Jerwood Drawing Prize 2017

I finally managed to see Jerwood Drawing Prize when it came to Bath’s The Edge from Jerwood Space in London (why Bath University has this big exhibition space and the artish Bath Spa University doesn’t have anything, is a completely different subject….).

Don’t forget the Prize was a big part of my dissertation, therefore it was nice to finally see the selected artworks in person.

Here are a bit of insights of what it actually is:

Professor Anita Taylor, Dean of Bath School of Art and Design at Bath Spa University set up Jerwood Drawing Prize in 1994. As a founding Director, she developed a concept and conceived the whole process. Now she appoints the selection panels, raises the funds, writes and edits an introduction for catalogues and. Furthermore, she devises the Jerwood Drawing Prize education programmes, delivers numerous talks and conference papers and sustains relationships with selected and unselected artists.

The original concept for creating this exhibition was the debate around value, status and representation of drawing as an art form in the early 1990s. The idea originated within an art school, where research around the subject provided an instant setting for discussions about contemporary drawing. This dialogue has been continuing for twenty-three years through an annual exhibition and associated educational events (Harris, 2014).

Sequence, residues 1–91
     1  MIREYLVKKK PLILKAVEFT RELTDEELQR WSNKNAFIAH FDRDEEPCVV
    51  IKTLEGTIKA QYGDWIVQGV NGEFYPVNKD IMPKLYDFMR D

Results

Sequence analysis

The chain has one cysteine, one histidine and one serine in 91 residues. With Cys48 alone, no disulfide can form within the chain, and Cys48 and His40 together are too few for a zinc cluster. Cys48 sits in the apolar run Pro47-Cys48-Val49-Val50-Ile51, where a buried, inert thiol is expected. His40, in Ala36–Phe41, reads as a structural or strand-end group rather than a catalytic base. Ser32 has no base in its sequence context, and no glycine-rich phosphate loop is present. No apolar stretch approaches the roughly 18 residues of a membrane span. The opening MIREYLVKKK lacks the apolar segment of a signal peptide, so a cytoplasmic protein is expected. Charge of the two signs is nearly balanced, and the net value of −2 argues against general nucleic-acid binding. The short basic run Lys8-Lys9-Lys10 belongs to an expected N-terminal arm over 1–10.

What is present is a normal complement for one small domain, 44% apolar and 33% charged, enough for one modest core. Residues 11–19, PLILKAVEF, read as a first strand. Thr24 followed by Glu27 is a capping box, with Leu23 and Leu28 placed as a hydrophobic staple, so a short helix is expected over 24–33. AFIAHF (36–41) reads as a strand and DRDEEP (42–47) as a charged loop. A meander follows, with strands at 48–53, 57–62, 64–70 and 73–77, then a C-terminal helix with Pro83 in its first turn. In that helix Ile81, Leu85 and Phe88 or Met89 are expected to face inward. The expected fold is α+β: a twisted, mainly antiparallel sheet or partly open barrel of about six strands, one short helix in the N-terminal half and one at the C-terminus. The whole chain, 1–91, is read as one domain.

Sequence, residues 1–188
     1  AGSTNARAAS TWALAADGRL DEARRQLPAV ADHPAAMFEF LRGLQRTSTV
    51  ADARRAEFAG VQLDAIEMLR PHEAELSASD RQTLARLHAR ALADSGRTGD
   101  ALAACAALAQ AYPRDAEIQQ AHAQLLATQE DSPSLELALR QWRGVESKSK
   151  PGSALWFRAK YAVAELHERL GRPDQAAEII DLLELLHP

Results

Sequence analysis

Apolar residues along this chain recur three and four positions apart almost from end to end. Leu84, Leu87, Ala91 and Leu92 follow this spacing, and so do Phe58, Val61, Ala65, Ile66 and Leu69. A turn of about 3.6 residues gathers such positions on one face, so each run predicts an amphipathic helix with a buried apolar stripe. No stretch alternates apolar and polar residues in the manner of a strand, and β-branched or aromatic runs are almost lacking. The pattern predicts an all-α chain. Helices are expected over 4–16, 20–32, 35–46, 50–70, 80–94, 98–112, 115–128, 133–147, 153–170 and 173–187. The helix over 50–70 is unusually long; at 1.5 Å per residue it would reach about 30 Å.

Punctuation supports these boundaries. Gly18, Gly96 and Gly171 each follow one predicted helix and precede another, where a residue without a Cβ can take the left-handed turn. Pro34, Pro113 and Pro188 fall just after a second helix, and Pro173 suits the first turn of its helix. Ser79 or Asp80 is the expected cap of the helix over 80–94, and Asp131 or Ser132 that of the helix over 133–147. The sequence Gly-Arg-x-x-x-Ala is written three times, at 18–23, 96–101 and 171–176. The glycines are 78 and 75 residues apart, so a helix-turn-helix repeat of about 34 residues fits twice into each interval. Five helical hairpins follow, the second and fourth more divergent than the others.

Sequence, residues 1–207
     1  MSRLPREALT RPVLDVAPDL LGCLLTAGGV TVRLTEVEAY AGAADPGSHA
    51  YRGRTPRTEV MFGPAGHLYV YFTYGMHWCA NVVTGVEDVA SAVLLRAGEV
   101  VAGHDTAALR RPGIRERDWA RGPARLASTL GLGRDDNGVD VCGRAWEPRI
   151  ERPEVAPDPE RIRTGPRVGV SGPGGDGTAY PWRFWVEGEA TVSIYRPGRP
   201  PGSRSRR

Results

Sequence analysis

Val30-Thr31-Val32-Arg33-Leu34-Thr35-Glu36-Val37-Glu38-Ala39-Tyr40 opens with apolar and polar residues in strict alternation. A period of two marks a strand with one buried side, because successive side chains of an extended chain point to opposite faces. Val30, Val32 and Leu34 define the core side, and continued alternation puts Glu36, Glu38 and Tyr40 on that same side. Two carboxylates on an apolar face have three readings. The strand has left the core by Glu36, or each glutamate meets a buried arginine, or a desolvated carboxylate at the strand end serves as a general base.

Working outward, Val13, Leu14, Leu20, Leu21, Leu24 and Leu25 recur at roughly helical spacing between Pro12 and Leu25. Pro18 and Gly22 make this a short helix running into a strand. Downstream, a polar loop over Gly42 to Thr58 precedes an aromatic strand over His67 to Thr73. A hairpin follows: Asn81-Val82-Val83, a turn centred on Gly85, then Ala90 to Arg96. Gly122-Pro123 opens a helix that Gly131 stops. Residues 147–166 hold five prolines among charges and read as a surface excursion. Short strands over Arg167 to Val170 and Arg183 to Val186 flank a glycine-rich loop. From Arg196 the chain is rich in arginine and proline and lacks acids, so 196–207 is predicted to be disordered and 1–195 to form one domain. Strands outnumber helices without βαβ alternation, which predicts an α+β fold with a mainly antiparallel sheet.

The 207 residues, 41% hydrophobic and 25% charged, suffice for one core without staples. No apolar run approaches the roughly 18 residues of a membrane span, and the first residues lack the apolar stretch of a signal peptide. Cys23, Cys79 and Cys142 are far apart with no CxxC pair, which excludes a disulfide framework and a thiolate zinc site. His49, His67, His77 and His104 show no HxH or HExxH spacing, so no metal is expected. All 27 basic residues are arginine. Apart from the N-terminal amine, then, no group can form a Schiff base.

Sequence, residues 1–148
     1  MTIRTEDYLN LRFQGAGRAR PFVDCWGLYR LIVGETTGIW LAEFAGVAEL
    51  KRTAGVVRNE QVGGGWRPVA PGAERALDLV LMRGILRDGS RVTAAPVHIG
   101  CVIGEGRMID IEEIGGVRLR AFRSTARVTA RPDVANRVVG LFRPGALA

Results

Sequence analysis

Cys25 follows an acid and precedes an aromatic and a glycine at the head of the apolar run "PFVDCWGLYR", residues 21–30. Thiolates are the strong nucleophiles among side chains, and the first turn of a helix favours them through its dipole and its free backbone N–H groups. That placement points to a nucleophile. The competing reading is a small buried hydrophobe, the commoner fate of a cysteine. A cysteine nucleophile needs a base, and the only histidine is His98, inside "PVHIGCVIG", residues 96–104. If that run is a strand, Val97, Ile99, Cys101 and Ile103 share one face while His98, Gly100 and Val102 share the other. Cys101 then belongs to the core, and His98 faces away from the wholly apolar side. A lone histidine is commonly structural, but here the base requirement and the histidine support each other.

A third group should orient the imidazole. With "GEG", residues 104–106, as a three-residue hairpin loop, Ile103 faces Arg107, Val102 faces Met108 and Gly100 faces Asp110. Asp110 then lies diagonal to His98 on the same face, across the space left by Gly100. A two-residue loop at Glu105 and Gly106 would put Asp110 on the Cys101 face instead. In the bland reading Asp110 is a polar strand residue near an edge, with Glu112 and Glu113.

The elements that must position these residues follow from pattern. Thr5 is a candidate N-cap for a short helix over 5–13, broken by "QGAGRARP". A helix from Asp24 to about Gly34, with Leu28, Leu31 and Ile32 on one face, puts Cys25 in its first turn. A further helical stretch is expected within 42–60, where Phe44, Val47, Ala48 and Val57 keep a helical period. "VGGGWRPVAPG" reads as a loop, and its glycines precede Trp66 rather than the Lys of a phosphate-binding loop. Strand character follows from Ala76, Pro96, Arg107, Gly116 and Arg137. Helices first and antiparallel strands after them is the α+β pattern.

Through the years, the Jerwood Drawing Prize has established a reputation for its commitment to championing excellence and promoting and celebrating the range of contemporary drawing practice within the UK. This open exhibition is a platform for drawing practitioners to display their work alongside other leading contemporary artists in the field, and provides those selected with the opportunity to help promote a wider understanding of drawing for future generations (Jerwood Visual Arts, 2017b).

Each year the submissions to the open call are increasing, reflecting a growing national interest in the role of drawing, which lies at the heart of many art forms. Additionally, the exhibition opens fundamental questions about the purpose, relevance, value and nature of drawing (Cork, 2001). In 2017, Dr David Dibosa, writer, researcher and Reader in Museology at the University of the Arts London, Helen Legg, Director of Spike Island and Michael Simpson, artist, selected 65 artists from 2811 submissions. And I can say they did good. The selected artworks really put the concept of drawing as we know it under question and open many discussions on what is going on in the art world.

So, if you have time, I definitely suggest you climb up the hill and feast your eyes on the art, before it travels to Canterbury Christchurch University and Newcastle upon Tyne.

Cork, R. (2001) The Jerwood Drawing Prize 2001. Exhibition held at Cheltenham & Gloucester College of Higher Education, Cheltenham, 3rd – 28th September 2001; The Prince’s Foundation, London, 5th – 26th October 2001; University of Lincolnshire and Humberside, Hull, 12th November – 14th December 2001 [Exhibition catalogue].
Harris, P. and Taylor, A. (ed.) (2014) Jerwood Drawing Prize 2014. Exhibition held at Jerwood Space, London, 17th September – 26th October 2014; Cheltenham Art Gallery and Museum, Cheltenham, 22nd November – 4th January 2015; The Tetley, Leeds, 16th January – 1st March 2015; The Arts University at Bournemouth, Poole, 13th March – 23rd April 2015; The Burton Art Gallery and Museum, Devon, 9th May – 12th June 2015 [Exhibition catalogue].
Jerwood Visual Arts (2017b) Jerwood Drawing Prize. Available at: (Accessed: 7 July 2017).



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